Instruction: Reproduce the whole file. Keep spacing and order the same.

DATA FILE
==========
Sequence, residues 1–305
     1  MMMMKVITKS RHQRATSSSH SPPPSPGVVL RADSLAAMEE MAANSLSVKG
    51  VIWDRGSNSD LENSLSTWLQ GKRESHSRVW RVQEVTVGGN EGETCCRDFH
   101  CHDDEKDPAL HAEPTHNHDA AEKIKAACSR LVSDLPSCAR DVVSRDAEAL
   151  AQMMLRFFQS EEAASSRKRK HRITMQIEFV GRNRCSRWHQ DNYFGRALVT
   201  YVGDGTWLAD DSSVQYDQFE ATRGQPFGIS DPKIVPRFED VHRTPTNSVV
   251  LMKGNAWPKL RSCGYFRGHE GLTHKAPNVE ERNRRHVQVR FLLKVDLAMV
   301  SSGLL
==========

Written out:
Sequence, residues 1–305
     1  MMMMKVITKS RHQRATSSSH SPPPSPGVVL RADSLAAMEE MAANSLSVKG
    51  VIWDRGSNSD LENSLSTWLQ GKRESHSRVW RVQEVTVGGN EGETCCRDFH
   101  CHDDEKDPAL HAEPTHNHDA AEKIKAACSR LVSDLPSCAR DVVSRDAEAL
   151  AQMMLRFFQS EEAASSRKRK HRITMQIEFV GRNRCSRWHQ DNYFGRALVT
   201  YVGDGTWLAD DSSVQYDQFE ATRGQPFGIS DPKIVPRFED VHRTPTNSVV
   251  LMKGNAWPKL RSCGYFRGHE GLTHKAPNVE ERNRRHVQVR FLLKVDLAMV
   301  SSGLL